Ensuring healthcare continuity

More needs to be done to ensure the proper transition of care for those suffering from PKU. Adult patients must not be forgotten, explains Seán Kelly.
Adobe stock

By Seán Kelly

Seán Kelly (IE, EPP) is the leader of the Fine Gael delegation in the European Parliament

01 Apr 2021

It is estimated that around a third of the global population will be affected by mental or neurological disorders during their lifetime. Studies published in 2014 show that brain disorders affect 179 million European citizens and that the costs associated with these conditions are close to €800bn each year.

So-called ‘Brain disorders’ come in many forms: the term covers a wide range of diseases and disorders, including, among others, Parkinson’s, Alzheimer’s, Huntington’s, stroke, epilepsy, narcolepsy, and multiple sclerosis.

“Brain disorders affect 179 million European citizens and the costs associated with these conditions are close to €800bn each year”

The majority of neurological disorders do not have a cure, and many are highly debilitating. Those that can be managed still have wide-ranging effects on the quality of life of patients. The effects are also strongly felt by families, carers and healthcare systems. In January 2020, after discussions with Neuroscience Ireland, I sent a written question to the European Commission highlighting the need for priority funding of brain research.

To make any breakthrough in understanding and treating brain diseases, massive investment is needed. Brain research received €3.2bn in investment in Horizon 2020. This investment supported both research projects and the development of EU and global collaboration on brain research. A coordinated approach is vital, as the mammoth challenge posed by brain disorders cannot be faced by any one Member State alone. We need to increase investment in brain research moving forward.

I would like to take this opportunity to raise awareness of Phenylketonuria (PKU), a rare and highly complex metabolic condition which requires lifelong treatment. PKU is an inherited disorder. To put it very simply, a person with PKU cannot break down the amino acid phenylalanine, as a particular liver enzyme does not function correctly.

A build-up of this amino acid can cause blood phenylalanine levels to become toxic. If left untreated, this can hinder brain development and lead to brain damage and physical disabilities. The amino acid phenylalanine is found in foods that contain protein. There are also medical methods of treatment, but treatment for PKU mainly consists of a strict protein-restricted diet for life. This means avoiding high protein foods such as dairy, meat, eggs, nuts and beans.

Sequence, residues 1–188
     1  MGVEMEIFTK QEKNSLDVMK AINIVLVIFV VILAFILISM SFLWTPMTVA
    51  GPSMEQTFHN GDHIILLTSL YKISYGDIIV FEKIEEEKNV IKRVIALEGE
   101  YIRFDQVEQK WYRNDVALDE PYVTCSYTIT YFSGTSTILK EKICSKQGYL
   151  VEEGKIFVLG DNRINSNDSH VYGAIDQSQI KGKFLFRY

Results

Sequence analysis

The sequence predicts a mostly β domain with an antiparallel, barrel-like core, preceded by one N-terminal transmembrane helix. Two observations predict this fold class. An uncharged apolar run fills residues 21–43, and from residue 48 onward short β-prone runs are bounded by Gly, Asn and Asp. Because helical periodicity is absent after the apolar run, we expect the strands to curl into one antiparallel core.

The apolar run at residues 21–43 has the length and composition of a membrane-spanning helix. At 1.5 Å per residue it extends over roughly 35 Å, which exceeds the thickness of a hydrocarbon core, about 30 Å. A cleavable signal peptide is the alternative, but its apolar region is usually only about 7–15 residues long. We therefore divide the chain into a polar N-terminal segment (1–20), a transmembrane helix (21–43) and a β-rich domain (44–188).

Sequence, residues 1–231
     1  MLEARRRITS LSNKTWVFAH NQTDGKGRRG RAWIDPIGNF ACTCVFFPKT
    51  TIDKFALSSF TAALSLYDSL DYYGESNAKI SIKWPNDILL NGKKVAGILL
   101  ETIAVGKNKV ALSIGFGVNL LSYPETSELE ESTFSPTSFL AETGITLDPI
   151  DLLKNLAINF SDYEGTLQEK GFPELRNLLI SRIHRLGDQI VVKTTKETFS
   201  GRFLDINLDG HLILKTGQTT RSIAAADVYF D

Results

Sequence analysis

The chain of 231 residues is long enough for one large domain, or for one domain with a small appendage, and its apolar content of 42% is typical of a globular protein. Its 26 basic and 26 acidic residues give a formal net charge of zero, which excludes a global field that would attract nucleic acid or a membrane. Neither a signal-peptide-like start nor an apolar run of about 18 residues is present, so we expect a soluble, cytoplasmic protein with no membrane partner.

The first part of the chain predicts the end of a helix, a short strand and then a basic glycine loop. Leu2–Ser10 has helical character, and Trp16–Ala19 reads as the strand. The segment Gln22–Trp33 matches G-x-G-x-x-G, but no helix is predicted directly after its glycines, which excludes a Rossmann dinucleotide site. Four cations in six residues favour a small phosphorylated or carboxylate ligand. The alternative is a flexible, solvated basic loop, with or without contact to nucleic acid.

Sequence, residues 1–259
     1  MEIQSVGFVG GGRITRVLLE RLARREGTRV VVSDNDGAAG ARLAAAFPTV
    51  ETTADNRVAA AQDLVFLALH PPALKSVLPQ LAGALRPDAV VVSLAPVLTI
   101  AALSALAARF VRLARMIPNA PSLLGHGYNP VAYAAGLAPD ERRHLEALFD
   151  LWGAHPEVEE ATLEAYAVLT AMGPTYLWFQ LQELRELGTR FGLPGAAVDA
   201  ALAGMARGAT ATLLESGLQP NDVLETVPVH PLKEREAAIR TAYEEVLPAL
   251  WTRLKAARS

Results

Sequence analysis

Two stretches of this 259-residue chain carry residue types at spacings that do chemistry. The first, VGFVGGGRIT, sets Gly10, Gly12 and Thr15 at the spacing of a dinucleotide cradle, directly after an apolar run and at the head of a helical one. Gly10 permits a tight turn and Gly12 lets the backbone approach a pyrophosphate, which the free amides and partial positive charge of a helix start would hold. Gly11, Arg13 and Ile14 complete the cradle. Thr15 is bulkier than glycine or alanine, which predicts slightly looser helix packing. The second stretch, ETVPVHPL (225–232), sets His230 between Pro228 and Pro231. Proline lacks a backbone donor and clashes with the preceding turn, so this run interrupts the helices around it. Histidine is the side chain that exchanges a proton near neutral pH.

I am a member of the European Parliament’s Cross-Party Alliance on PKU. The first policy roundtable on PKU in the Parliament was held in July 2018. Our aim is raise awareness of PKU as well as the concrete policy actions that must be taken to improve the quality of life of those affected by PKU and their families. Adhering to the strict diet required to treat PKU comes with many difficulties. In some countries, it is difficult to come by foods that meet the requirements, or they are very expensive.

At national level, it is important to ensure access to affordable low-protein foods, and ideally to reimburse the cost of following this dietary therapy in a similar manner to medical therapies. At EU level, we can facilitate exchanges of good practice in these areas, as well as provide guidance on protein labelling rules. Following such a strict diet can also have a negative impact on the social life and mental health of a person affected by PKU. Newborn babies can be screened for PKU through a blood sample taken from a needle prick on their heel.

This screening allows for timely diagnosis and access to treatment, which greatly improves outcomes. Screening can take place not just for PKU, but for about 40 conditions. Screening of newborns is carried out in all Member States, but to varying degrees, with some only testing for five conditions. EU Member States have primary responsibility for health protection and healthcare systems, and this competence must, of course, be respected.

“PKU requires lifelong treatment. However, the focus is often solely on children and there is no structured transition to adult health services. As a result, many adults affected by PKU are either obliged to receive care in children’s hospitals, or they do not receive any follow-up care”

That said, initiatives like the EU’s Beating Cancer Plan and the EU4Health programme show that there is an increased interest in a degree of collaboration at an EU level, particularly in the aftermath of the COVID-19 pandemic. The Alliance on PKU is calling on the Commission to facilitate the exchange of good practice in the area of newborn screening, while respecting the principle of subsidiarity.

We are also calling on Member States to carry out reviews to ensure that every baby born in Europe is screened for PKU. Care should also be taken to ensure that immigrants are screened. As mentioned, PKU requires lifelong treatment. However, the focus is often solely on children and there is no structured transition to adult health services. As a result, many adults affected by PKU are either obliged to receive care in children’s hospitals, or they do not receive any follow-up care. Transition of care must be included in rare disease plans. Adult patients should not be forgotten. 

The Alliance on PKU is welcoming new members. If you would like to join the Alliance, endorse our Call to Action or simply learn more about our work, please get in touch with me or with E.S.PKU (the European Society for Phenylketonuria and Allied Disorders Treated as Phenylketonuria) www.espku.org

Share this page
Related articles